Apple is marketing the iPhone 15 Pro as being capable of running console-quality games, as proven by the Resident Evil: Village port, which it claims is comparable to the Xbox and PlayStation console versions. Well…no. Yes, it’s the whole game, but with a notable decrease in resolution and overall graphical fidelity. It’s still an incredible achievement, but you should forget about the A17 Pro turning your iPhone into a pocket gaming system. That is only true if you go back to the previous generation of gaming consoles, and we’ve heard the “as powerful as a console!” claim before concerning iPhones. It was a significant selling point for the iPhone 5, which, as we all know, did not replace any PlayStation or Xbox consoles.

This new GPU is most exciting in what it means for Macs. When this new architecture makes its way to M-series processors, it will really help Mac to catch up to the feature set that Windows gamers take for granted, and may help catch up on performance as well.

A little digression on thermals. Some users have reported that when running high-end premium games, the iPhone 15 Pro and Pro Max become quite hot. This is correct, however the iPhone 14 Pro did as well, and it appears to be only a few degrees hotter. However, I really noticed the heat while using the phone while it was charging, where it occasionally became too hot to handle.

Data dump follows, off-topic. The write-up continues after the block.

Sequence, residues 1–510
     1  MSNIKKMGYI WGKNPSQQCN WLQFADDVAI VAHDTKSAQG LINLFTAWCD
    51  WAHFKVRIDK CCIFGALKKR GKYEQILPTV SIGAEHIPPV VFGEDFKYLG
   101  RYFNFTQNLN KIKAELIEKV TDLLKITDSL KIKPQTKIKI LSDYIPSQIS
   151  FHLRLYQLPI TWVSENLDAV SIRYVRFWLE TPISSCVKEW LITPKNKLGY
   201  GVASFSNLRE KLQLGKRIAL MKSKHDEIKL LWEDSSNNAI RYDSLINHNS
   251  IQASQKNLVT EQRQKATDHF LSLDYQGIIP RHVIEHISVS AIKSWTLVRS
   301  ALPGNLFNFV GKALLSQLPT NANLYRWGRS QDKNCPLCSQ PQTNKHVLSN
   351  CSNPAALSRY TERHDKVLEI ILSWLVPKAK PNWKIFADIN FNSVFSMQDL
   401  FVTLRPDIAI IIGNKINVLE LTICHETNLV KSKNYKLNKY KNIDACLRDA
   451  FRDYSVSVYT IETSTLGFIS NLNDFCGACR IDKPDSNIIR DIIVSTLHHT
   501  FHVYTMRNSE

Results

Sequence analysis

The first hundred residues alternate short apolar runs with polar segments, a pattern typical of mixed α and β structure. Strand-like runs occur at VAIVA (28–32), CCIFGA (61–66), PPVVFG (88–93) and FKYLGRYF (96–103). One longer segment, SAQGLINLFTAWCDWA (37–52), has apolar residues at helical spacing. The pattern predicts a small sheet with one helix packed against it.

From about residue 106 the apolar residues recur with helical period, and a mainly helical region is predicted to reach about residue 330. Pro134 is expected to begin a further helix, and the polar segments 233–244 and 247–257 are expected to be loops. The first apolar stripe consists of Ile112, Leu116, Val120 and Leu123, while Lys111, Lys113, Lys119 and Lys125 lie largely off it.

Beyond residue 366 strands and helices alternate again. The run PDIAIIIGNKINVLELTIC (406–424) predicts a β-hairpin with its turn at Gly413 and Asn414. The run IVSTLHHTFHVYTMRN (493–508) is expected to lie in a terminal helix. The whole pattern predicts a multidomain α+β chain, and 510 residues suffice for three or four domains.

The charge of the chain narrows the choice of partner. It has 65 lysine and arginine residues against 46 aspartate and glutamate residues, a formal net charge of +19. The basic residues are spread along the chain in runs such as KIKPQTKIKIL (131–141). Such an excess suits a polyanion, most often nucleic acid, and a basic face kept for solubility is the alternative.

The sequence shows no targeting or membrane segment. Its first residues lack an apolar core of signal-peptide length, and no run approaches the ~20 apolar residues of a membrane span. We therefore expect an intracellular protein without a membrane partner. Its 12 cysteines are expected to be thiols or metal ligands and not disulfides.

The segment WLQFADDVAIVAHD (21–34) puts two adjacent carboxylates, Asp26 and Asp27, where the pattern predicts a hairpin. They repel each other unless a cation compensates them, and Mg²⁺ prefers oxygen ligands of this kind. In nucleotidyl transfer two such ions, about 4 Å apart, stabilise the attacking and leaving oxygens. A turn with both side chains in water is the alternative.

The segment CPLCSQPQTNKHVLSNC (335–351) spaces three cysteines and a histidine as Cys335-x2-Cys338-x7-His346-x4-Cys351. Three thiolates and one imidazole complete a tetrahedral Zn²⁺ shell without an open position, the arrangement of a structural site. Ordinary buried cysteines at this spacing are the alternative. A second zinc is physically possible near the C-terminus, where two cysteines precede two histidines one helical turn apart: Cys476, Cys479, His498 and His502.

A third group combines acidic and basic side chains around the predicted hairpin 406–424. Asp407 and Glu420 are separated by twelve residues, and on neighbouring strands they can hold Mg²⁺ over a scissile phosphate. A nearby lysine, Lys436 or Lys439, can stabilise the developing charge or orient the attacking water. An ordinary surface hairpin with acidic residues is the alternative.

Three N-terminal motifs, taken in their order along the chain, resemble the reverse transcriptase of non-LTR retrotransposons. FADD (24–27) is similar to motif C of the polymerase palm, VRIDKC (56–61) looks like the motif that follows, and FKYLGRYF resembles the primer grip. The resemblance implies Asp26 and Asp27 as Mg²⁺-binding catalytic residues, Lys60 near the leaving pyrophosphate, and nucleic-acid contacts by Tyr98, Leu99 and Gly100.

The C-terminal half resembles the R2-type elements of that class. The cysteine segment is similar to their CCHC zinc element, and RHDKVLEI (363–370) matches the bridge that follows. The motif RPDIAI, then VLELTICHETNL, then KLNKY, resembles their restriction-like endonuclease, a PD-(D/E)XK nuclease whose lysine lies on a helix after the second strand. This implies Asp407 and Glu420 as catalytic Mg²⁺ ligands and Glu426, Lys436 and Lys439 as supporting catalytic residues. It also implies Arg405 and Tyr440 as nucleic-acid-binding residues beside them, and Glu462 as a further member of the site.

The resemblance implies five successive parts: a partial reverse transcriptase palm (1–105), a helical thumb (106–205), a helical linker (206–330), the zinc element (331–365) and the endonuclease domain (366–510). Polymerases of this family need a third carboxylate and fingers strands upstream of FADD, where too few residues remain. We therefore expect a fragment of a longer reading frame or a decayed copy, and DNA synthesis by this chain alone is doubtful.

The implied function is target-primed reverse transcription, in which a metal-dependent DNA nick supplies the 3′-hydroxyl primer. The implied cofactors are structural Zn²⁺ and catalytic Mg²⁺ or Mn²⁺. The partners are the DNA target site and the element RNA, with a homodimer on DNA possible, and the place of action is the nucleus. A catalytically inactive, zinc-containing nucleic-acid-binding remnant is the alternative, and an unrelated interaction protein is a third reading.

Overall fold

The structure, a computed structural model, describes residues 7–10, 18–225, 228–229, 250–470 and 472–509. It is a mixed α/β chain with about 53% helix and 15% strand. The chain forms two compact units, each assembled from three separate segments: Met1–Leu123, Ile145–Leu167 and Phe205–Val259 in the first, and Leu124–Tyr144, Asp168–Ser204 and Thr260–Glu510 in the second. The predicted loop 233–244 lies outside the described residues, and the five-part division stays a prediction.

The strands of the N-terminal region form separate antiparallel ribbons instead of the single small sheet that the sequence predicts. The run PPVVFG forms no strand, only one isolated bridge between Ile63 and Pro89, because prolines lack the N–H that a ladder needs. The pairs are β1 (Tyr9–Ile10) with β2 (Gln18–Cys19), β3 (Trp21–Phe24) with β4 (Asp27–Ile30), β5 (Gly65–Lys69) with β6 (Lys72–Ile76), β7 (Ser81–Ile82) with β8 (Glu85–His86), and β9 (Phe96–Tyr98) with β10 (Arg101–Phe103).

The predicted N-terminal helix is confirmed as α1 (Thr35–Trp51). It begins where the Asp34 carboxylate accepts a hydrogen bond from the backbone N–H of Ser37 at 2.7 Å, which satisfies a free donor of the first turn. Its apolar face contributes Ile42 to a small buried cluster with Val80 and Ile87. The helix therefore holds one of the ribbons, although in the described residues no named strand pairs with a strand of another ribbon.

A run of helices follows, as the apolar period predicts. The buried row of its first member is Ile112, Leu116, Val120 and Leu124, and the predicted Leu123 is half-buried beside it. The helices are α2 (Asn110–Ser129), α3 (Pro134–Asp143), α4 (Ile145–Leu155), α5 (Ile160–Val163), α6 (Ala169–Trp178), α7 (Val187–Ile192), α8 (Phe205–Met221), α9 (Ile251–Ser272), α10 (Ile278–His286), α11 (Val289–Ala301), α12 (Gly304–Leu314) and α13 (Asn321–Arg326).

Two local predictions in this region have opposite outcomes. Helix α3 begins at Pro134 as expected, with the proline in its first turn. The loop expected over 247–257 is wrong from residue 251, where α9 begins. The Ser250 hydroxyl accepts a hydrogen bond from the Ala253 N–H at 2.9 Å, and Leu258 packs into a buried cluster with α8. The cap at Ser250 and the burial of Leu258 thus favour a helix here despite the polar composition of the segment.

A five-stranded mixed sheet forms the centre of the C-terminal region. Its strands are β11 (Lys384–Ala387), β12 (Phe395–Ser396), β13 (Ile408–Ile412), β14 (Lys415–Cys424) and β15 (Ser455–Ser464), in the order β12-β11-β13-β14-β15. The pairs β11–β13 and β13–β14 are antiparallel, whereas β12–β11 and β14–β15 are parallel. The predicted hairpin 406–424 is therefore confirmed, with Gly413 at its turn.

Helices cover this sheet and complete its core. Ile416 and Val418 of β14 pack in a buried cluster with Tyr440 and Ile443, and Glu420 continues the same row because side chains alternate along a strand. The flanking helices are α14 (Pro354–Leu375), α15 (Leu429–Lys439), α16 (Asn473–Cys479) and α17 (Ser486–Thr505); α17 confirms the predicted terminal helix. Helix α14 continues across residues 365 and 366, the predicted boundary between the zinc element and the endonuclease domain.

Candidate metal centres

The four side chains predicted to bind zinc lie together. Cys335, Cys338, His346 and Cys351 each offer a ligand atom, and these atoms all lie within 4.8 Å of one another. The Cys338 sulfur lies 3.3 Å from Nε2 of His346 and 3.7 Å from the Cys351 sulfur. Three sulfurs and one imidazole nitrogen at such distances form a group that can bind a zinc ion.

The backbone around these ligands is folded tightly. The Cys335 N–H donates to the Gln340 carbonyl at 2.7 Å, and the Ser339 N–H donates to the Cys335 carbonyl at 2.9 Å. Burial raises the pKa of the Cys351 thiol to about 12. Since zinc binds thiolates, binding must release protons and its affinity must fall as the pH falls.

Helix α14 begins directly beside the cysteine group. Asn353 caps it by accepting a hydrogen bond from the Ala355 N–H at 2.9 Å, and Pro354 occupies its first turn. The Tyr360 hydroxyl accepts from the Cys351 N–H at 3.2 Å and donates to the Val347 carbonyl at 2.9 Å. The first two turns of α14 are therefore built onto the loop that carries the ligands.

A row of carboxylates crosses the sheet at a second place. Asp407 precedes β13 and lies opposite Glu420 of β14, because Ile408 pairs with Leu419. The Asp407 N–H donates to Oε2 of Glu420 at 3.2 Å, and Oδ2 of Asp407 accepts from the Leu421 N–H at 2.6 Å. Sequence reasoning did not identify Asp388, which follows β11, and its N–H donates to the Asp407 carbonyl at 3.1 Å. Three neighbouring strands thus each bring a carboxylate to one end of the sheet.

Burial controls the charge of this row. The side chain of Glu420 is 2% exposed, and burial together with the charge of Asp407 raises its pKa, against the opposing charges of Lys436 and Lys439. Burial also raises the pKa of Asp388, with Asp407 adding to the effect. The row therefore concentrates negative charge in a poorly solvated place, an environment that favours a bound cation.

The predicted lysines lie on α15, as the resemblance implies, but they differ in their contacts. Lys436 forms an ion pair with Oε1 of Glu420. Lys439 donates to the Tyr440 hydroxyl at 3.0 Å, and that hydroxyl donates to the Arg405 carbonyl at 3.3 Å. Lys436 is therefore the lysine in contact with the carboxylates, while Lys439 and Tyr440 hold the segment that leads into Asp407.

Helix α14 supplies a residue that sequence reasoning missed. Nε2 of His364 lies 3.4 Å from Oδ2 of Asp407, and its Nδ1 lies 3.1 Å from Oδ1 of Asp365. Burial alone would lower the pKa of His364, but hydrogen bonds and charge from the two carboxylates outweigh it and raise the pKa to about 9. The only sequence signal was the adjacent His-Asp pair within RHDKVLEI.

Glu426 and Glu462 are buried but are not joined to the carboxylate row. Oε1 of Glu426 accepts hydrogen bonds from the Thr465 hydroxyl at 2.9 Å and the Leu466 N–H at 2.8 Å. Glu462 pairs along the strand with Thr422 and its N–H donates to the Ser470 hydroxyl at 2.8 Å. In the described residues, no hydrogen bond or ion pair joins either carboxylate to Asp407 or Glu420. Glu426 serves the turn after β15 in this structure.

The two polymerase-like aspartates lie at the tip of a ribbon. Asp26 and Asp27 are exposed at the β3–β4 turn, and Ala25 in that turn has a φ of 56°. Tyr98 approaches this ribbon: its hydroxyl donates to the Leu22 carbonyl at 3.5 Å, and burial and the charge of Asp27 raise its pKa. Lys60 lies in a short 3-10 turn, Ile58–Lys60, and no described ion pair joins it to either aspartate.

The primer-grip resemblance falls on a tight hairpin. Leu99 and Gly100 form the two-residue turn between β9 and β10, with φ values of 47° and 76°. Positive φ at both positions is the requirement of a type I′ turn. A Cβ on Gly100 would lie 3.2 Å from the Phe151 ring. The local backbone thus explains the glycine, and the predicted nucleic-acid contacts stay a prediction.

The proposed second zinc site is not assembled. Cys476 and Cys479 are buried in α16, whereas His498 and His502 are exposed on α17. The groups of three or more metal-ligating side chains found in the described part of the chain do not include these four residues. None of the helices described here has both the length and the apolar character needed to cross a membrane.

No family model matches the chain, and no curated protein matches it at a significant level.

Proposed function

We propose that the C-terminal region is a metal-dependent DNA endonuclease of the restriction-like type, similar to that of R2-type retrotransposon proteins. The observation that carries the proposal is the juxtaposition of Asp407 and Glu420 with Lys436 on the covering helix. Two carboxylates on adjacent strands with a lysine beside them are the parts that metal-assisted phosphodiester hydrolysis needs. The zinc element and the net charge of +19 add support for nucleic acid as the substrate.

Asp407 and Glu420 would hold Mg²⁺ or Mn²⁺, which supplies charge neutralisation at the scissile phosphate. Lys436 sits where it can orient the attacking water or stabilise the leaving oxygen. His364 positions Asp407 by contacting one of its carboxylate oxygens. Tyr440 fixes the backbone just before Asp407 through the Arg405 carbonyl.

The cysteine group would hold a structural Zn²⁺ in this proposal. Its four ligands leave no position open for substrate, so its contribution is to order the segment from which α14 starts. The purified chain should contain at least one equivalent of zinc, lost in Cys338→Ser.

The thermal performance throttling of the iPhone 15 Pro is similar to the iPhone 14 Pro.

Is there heat throttling that reduces the A17 Pro’s performance while performing lengthy heavy workloads? Yes, but this was also true of previous chips. Consider these 3DMark Wild Life Extreme stress test results, which loop the high-end benchmark for 20 minutes.

Both the iPhone 14 Pro (left) and iPhone 15 Pro (right) soon lose around a third of their performance – after the first run! – and then stabilize. The primary difference is that the iPhone 15 Pro is always roughly 20% quicker than last year’s finest. This isn’t a surprising outcome. The finest high-end smartphones have a “Stability” score in this test of less than 70%, and some are as low as 60%.

Price and availability

As you might expect, the iPhone 15 Pro Max is not a cheap smartphone. When paying full price, this is how much you’ll have to pay:

  • 256GB – £1,199/$1,199
  • 512GB – £1,399/$1,399
  • 1TB – £1,599/$1,599

You can buy Apple UKApple US and a range of third-party retailers. Or at AMAZON.

NOW TELL US YOUR OPINION ABOUT THE iPhone 15 Pro Max in the comment !!

Achraf Grini
Achraf Grini
Hello This is AG. I am a Tech lover and I have long been a promoter and editor for a shopping company, I have followed smartphones and headphones and others. I covers iOS, Android, Windows and macOS, writing tutorials, buying guides and reviews.